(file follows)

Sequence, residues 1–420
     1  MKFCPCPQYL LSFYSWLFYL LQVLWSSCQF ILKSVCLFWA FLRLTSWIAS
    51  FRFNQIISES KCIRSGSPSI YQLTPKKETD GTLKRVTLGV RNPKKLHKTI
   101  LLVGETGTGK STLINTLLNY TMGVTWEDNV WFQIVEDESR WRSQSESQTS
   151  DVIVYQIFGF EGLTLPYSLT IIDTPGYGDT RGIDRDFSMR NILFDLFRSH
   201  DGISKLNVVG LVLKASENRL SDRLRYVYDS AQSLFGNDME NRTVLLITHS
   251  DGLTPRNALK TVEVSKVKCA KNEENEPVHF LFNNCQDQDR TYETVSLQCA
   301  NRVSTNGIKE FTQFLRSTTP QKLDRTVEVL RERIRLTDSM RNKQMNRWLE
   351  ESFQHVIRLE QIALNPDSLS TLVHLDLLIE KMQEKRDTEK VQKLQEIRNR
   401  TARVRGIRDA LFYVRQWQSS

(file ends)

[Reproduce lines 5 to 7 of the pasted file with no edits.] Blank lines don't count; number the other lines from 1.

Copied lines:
   151  DVIVYQIFGF EGLTLPYSLT IIDTPGYGDT RGIDRDFSMR NILFDLFRSH
   201  DGISKLNVVG LVLKASENRL SDRLRYVYDS AQSLFGNDME NRTVLLITHS
   251  DGLTPRNALK TVEVSKVKCA KNEENEPVHF LFNNCQDQDR TYETVSLQCA